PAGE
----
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‘Getting loud,' proud as Yuba City High wins Mayor's Cup
Beneath a green wig, behind a painted face and under a dyed beard, River Valley High School student Aman Sangha stomped and screamed and rallied the Falcon faithful in enemy territory on a cool Friday night, hoping for a big win against crosstown rivals from Yuba City High School.
"It's about getting loud and fighting the other crowd," the 17-year-old senior explained.
A new Honker mascot, dueling marching bands, dripping chili-cheese nachos, rumbling grandstands and hundreds of high school football fanatics colored both sides of Honker Stadium for the seventh annual Mayor's Cup game.
On the home-team side of the stadium, Yuba City junior Scott Azevedo, painted in brown and gold, helped lead the cheering Honker crowd's famous "Brown Mob," screaming himself hoarse and blowing a duck whistle.
"It's a duck whistle because we're going hunting for some falcons," Azevedo explained at the top of his lungs.
Outside the boisterous cheering mobs, freshmen girls on both sides of the stadium quietly debated more important aspects of high school football.
"Football is awesome 'cuz football players are hot," explained Yuba City freshmen Morgan Bishop, part of group of kids supporting Yuba City's Greg Ferguson.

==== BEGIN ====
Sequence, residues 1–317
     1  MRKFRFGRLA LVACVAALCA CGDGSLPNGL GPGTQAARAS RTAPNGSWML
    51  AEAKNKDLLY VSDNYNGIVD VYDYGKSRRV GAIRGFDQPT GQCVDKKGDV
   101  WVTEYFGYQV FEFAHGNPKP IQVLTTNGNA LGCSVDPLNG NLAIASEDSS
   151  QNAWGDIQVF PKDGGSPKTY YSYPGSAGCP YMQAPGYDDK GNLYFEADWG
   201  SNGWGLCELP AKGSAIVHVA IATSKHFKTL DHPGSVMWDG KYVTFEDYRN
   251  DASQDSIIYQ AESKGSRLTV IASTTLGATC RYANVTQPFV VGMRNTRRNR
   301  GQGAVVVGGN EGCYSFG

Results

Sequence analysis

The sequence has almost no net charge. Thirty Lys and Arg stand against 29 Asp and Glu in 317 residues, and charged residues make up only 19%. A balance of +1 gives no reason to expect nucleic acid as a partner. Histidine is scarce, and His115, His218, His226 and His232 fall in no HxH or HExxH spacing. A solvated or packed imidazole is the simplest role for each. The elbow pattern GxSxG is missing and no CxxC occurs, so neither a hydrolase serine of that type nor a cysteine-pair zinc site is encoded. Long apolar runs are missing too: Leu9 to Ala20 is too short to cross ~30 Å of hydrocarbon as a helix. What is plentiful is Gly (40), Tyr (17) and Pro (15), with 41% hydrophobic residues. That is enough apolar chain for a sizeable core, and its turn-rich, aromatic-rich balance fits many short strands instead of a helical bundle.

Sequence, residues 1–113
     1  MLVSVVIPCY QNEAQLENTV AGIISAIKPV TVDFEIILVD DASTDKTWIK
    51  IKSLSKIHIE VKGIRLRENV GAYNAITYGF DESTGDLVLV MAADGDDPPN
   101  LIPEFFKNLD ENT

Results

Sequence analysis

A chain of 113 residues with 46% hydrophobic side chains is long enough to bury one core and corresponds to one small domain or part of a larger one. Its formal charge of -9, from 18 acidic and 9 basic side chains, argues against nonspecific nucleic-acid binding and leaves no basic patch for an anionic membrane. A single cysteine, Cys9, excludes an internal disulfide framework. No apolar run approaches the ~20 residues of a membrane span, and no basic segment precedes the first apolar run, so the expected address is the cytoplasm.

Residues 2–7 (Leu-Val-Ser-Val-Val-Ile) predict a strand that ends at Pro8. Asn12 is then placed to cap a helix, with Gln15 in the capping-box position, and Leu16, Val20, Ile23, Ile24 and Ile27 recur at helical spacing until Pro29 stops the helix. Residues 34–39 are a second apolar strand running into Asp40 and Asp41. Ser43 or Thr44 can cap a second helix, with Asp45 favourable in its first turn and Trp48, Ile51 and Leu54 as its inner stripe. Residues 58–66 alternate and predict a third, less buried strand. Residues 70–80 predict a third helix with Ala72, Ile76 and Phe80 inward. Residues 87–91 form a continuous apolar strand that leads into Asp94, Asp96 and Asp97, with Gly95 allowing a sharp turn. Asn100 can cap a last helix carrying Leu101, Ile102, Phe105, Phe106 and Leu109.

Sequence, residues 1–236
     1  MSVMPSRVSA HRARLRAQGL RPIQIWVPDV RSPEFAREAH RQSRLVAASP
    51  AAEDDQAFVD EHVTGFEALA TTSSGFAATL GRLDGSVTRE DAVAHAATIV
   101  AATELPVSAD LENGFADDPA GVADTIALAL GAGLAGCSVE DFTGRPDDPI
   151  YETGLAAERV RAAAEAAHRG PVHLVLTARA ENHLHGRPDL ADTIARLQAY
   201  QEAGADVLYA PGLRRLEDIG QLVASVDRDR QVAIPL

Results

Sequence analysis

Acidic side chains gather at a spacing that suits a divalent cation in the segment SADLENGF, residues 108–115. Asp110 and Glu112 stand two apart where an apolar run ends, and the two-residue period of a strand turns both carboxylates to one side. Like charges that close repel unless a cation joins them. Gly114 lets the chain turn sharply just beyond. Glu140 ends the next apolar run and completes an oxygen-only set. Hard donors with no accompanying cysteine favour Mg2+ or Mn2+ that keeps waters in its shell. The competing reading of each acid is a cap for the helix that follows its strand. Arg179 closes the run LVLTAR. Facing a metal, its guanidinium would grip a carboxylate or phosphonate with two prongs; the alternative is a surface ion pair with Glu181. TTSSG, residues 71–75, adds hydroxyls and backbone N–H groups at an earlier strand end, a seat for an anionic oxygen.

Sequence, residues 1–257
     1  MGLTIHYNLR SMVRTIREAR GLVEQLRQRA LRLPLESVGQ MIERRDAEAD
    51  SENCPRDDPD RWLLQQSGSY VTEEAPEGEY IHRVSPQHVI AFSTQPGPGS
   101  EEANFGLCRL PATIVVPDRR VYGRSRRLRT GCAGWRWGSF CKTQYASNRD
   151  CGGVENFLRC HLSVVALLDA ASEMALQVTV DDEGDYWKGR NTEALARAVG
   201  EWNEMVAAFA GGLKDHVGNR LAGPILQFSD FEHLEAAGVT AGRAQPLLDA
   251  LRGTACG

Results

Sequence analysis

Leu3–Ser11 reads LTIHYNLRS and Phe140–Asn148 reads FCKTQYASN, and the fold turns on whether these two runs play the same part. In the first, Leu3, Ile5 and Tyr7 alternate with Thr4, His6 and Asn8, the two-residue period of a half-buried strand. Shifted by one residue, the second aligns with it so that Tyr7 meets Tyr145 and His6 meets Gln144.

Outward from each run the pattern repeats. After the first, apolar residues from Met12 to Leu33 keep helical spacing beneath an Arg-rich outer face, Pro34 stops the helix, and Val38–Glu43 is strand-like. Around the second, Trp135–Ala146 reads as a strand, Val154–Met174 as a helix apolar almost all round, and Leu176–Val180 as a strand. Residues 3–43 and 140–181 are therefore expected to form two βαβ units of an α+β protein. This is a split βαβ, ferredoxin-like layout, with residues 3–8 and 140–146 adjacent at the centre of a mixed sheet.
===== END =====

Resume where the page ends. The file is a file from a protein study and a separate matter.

"I don't know what position he is," Brittany Edwards said. "I just know he's my hommie and he's cute!"
River Valley freshmen Sharon Kang, Lily Patrick and Alyssa Rodriguez teased each other about their school's adorable football players, though they didn't know which positions they played, either.
"I'm here to cheer for Sam Van Dusen, he's on the (junior varsity) team," Sharon said. "But you might as well say that my real name is Sharon Van Dusen!"
While young girls giggled, old men broke down the Xs and Os of the game. The graduated generation of former players pontificated on the finer, more philosophical points of football, while noting that none of the coaches knew anything, all the referees had to be brand new to the game, and, obviously, these kids just weren't as tough as kids used to be. Obviously.
And as the older generation dissected the current generation, the next generation practiced on the dark side of the field in a four-on-four pickup game, played with bright blue rubber football.
Raiden Toche wants to be a River Valley linebacker one day.
"I don't want to be quarterback," the 9-year-old explained. "Quarterbacks don't get to hit anybody."
Meanwhile, Yuba City freshmen Brooke Whiting and Lauren Fletcher met up with their old junior high friends and cousins, Hanna Daeumler and Bailey Fletcher, who now attend River Valley.
"Yeah, it's always a debate, but that's OK, because we always win it," Hanna joked, over her friend's objections.
"But, it's fun," Bailey said. "Because, at this game, we all get to be out with all of our friends and we've all known each other forever."